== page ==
A National Memorial to End Violence Against Women
Marker of Change -The Women's Monument
In the fall of 1990 three women studying at Capilano College supported by several faculty and staff, came together to propose that a permanent national memorial to the fourteen women murdered at Ècole Polytechnique in Montréal (the Montréal Massacre), and all women who have been killed by men, be built in Vancouver.
Those three students: Jeannine Carscadden, Chris McDowell, and myself, went on to form the Women's Monument Committee, a project sponsored by Capilano College, now Capilano University.
As feminists, it was our contention that violence against women is embedded in patriarchal culture as a systemic means of oppressing women, that its relegation to the realm of the domestic serves to obscure its occurrence across all levels of society, and this in turn serves to minimize male violence as an incidental, private matter.
We believed that the building of a permanent national memorial to the women who have been victimized by male violence would accomplish several tasks. First, it would act as a visible public reminder of the seriousness of this problem, an ongoing challenge to legislators and the public. Second, it would serve to honour the women we have lost, and not the men who commit these acts. Finally, it would provide a public place for women and our supporters to gather to speak our truth.
We could not have known that the initial excitement of that commitment would lead us on an amazing journey through seven years of meetings, lobbying, media appearances, fundraising, national campaigning, occasional death threats, working with civic staff and Park Board members, conducting a national design competition, and on to build the memorial.
From the start we decided that the project would proceed on feminist principles of equality and inclusion: all committee decisions were made by consensus on which every committee member had to agree. Many were the times when I arrived at a meeting with my mind made up, only to have it changed by the views of my sisters around the circle. By instituting a system of speaking in rounds we ensured that every voice was heard.
By the time the Women's Monument was unveiled we had obtained a dedicated site in Thornton Park on the edge of the Downtown Eastside, a design by Beth Alber, gifts in kind, and three hundred thousand dollars raised from individuals, labour unions, and companies across Canada. Following the names of the women killed on December 6, 1989, Alber's circle of fourteen Québec granite benches is inscribed in seven languages with this dedication:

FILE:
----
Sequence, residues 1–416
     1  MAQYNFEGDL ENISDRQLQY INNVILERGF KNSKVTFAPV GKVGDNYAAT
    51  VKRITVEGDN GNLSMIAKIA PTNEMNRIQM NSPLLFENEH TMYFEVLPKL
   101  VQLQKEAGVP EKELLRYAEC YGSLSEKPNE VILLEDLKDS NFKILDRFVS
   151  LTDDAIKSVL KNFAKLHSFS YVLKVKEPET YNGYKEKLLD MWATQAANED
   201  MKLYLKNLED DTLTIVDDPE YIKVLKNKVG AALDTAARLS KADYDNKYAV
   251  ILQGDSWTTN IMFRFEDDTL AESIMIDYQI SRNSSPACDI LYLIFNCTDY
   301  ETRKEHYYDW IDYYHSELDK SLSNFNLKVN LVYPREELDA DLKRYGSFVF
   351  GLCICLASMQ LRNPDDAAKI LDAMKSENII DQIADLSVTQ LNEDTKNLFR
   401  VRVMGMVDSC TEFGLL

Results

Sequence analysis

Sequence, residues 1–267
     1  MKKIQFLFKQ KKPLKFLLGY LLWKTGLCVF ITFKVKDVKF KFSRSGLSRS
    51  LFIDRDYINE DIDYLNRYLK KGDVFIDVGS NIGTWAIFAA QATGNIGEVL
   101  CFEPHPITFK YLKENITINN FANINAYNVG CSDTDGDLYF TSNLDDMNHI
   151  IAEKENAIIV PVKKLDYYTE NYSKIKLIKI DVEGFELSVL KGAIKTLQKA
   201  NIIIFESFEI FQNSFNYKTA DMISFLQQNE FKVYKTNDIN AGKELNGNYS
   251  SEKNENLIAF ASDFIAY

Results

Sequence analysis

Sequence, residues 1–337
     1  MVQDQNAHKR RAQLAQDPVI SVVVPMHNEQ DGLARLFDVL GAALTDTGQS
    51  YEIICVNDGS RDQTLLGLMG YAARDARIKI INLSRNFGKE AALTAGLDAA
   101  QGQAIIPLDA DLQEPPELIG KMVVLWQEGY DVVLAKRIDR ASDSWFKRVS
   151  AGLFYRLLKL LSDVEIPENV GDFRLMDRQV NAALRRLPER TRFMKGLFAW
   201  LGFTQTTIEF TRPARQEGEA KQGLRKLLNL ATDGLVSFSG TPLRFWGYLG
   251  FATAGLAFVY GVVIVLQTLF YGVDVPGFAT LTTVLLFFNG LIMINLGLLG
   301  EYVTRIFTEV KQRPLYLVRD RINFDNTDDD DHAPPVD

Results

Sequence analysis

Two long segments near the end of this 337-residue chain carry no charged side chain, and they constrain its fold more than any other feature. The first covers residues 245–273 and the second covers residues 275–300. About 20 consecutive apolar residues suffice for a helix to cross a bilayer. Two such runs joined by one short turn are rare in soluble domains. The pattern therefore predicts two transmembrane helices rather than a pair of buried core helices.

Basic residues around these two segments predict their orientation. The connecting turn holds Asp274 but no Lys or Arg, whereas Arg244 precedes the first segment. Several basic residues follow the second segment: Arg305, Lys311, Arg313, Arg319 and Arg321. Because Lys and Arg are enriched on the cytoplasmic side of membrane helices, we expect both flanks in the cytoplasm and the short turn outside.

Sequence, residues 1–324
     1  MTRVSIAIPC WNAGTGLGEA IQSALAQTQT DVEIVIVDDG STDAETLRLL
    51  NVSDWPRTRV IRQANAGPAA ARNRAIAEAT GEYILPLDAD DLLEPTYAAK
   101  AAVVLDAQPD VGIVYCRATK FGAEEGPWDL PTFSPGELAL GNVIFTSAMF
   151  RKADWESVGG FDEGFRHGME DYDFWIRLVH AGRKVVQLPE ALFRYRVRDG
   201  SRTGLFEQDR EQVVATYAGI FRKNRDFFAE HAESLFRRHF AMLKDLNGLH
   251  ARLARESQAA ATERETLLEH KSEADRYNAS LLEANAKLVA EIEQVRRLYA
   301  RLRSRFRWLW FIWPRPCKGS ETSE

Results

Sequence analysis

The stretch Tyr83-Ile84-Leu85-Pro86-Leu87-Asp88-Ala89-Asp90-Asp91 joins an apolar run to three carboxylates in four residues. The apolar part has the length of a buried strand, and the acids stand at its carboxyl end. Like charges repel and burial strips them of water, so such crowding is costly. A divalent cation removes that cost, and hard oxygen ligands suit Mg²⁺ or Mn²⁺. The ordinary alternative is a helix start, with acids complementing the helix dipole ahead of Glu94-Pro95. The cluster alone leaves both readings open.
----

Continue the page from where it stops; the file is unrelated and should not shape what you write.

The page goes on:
We their sisters and brothers, remember, and work for a better world. In memory and in grief, for all the women who have been murdered by men. For women of all countries, all classes, all ages, all colours.
In spite of our achievement I am weeping as I write this because we later learned that a few blocks from the Marker of Change, dozens of women in the Downtown Eastside had been murdered in those same years by a serial killer as the police looked the other way.
On the banks of North Vancouver's Lynn Creek where it crashes though the damn at Lynn Headwaters trailhead, a delightful path follows the creek southward to Lynn Canyon Park. The trail, named after Group of Seven painter Fred Varley, had its inception in a community campaign to save the park from a proposed housing development.
In the spring of 1988 it was discovered that the District of North Vancouver had plans to turn cherished Lynn Canyon Park into a housing development. Alarmed, a small group of citizens organized the Save Lynn Canyon Park Association. In the following months we marshalled a massive campaign to reverse the District's plans that included demonstrations outside City Hall, membership drives, and huge public hearings.
Meanwhile I discovered that Frederick Varley, member of the Group of Seven and a teacher at the Vancouver School of Applied and Decorative Arts (later Emily Carr University), had lived and painted right in the area the District planned to develop. Many of Canada's most iconic paintings from the 1930's had been created in the wilderness park slated to become condos.
In tandem with the Save Lynn Canyon Park Association I spearheaded a fundraising campaign to preserve the artist's memory through various initiatives, including The Varley Trail. The proposal (and preservation of the park), received enthusiastic support from many senior members of Canada's art community including the Director of the Art Gallery of Ontario, Molly Lamb Bobak, the Curators of Canadian Art at the Vancouver Art Gallery, and the National Gallery of Canada.
Eventually our campaign to save the park prevailed. With a new District Council in place we secured provincial legislation to preserve the park in perpetuity for the people of North Vancouver. Subsequently a group of local citizens constructed The Varley Trail.